Anti aging pill could cost pennies

Below is a picture showing a CR monkey vs a Ad lib monkey at 30 years. Once again, the CR monkey looks like it’s still in its youth 😉 Just click on it so you can view it better or to zoom in on the monkeys

The CR monkey is 32 years old, and the Ad lib is 30. You can clearly see
(try zooming for better view) that the CR monkey still has his youthful
looks, even at what is an equivalent age of 96 human years and at least from
the still image doesn’t have a frail appearance. While the Ad lib monkey
looks old and frail. This seems typical of the comparison shots we’ve seen
from other rhesus monkeys in the study.


“It’s not a matter of if, but when,” said gerontologist David Sinclair of a drug that promises a long and healthy life — not quite a fountain of youth, but perhaps a fountain of fitness.

Best of all, predicted Sinclair, you’ll be able to afford it.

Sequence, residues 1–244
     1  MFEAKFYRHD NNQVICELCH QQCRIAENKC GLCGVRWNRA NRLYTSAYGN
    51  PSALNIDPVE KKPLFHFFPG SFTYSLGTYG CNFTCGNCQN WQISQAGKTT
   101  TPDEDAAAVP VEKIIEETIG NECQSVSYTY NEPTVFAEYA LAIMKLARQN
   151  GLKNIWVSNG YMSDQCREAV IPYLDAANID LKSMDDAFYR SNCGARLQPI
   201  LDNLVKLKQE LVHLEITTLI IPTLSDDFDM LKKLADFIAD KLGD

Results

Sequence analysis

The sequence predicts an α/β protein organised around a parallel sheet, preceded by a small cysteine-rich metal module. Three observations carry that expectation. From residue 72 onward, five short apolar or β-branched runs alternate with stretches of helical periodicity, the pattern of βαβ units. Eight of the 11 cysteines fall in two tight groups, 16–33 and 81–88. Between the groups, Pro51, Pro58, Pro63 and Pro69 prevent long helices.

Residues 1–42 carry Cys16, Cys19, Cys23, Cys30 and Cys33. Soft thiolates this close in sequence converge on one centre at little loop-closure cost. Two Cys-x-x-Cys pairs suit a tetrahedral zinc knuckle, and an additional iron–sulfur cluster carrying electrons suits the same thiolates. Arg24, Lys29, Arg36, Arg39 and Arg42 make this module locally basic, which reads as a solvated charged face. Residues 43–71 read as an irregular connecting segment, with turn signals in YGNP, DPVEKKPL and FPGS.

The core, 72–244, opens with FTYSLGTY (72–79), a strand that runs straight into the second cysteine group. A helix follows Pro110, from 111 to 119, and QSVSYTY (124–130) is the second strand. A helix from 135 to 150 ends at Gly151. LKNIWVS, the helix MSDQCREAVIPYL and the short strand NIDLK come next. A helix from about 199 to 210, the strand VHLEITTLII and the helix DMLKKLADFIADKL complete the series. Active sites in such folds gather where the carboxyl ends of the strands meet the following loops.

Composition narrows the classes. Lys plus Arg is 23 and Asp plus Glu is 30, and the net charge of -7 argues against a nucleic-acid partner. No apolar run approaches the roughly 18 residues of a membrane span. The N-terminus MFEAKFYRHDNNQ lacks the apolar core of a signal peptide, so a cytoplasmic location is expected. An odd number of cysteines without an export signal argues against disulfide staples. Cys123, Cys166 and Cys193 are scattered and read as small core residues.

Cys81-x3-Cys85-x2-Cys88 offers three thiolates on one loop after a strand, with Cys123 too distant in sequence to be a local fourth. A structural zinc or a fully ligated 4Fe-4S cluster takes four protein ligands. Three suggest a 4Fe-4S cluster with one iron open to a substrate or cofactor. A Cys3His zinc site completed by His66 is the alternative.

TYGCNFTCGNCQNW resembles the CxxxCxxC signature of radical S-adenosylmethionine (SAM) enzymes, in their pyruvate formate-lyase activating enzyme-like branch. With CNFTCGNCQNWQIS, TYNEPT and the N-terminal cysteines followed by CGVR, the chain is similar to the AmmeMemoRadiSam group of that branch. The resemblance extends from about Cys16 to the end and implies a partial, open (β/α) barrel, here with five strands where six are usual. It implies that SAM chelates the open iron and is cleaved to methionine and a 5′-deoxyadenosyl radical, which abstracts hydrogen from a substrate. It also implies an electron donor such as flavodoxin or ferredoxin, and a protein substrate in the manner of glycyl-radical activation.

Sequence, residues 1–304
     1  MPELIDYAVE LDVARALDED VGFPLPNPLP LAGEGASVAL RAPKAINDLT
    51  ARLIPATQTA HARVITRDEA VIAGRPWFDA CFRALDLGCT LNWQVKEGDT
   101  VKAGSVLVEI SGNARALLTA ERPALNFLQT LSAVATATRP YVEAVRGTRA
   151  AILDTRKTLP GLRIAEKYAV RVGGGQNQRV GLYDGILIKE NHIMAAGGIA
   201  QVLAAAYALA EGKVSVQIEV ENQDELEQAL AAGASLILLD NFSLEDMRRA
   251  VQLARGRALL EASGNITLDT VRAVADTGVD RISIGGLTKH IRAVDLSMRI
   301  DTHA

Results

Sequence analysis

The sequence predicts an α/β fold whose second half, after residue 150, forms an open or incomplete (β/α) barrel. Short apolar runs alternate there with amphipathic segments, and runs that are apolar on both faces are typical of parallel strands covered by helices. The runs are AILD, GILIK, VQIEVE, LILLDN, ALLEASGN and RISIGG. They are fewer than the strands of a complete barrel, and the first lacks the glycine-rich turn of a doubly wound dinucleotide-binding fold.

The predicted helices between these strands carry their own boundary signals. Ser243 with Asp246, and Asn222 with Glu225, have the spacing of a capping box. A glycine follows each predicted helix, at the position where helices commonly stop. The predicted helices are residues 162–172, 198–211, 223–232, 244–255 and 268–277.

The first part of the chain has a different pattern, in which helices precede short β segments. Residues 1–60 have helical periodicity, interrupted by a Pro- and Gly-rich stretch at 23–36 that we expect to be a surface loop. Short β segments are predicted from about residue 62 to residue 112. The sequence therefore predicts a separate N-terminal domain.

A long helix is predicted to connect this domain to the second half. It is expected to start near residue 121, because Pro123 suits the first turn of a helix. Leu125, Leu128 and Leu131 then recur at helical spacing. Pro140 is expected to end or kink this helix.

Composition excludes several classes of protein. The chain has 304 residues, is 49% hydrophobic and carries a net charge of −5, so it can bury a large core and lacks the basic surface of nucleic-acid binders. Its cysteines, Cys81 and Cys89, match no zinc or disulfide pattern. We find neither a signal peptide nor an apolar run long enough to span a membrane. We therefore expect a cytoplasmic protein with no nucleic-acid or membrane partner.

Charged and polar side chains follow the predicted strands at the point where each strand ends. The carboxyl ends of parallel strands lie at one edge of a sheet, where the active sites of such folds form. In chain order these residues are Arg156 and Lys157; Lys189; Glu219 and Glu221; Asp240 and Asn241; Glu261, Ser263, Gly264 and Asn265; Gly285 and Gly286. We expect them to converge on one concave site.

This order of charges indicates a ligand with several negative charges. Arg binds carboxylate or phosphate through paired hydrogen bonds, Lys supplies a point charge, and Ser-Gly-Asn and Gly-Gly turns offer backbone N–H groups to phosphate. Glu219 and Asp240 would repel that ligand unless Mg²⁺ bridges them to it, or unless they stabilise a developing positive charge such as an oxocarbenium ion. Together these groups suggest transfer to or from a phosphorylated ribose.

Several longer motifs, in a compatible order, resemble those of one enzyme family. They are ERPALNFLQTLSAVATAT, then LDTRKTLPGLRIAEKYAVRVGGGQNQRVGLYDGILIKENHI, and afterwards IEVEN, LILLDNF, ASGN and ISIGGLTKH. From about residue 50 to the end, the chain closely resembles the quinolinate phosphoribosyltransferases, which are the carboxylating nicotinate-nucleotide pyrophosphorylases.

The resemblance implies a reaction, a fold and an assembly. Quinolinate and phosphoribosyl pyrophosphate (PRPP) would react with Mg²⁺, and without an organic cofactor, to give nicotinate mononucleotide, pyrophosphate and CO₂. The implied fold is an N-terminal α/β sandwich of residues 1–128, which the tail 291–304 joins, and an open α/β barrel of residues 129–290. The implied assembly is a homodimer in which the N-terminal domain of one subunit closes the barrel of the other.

Speaking yesterday at a World Science Festival discussion on the science of longevity, Sinclair predicted that the drugs “could have as big an impact as antibiotics in the 20th century, and it’s just around the corner.”

Five years ago, Sinclair, a Harvard University professor and co-founder of Sirtris Pharmaceuticals, discovered the molecule resveratrol. It targets a gene activated by calorically restricted diets, which have extended the lifespans of laboratory animals from yeast to monkeys.

Despite the paucity of human testing, some people already practice caloric restriction. Most, however, are discouraged by the spartan dietary discipline required of adherents. Questions also remain about long-term side effects. Instead, scientists are shooting for pharmaceutical shortcuts that do the same thing — namely, reinvigorating our mitochondria, fixing a lifetime of cellular wear-and-tear.

Many gerontologists believe that the so-called diseases of aging — cancer, diabetes, heart disease, dementia and any other condition whose primary risk factor is age — originate in damage caused to our mitochondria by free oxygen radicals. These are an inevitable byproduct of turning chemical energy into our body’s fuel, but corrode mitochondrial DNA, eventually causing organs and systems to malfunction and shut down.


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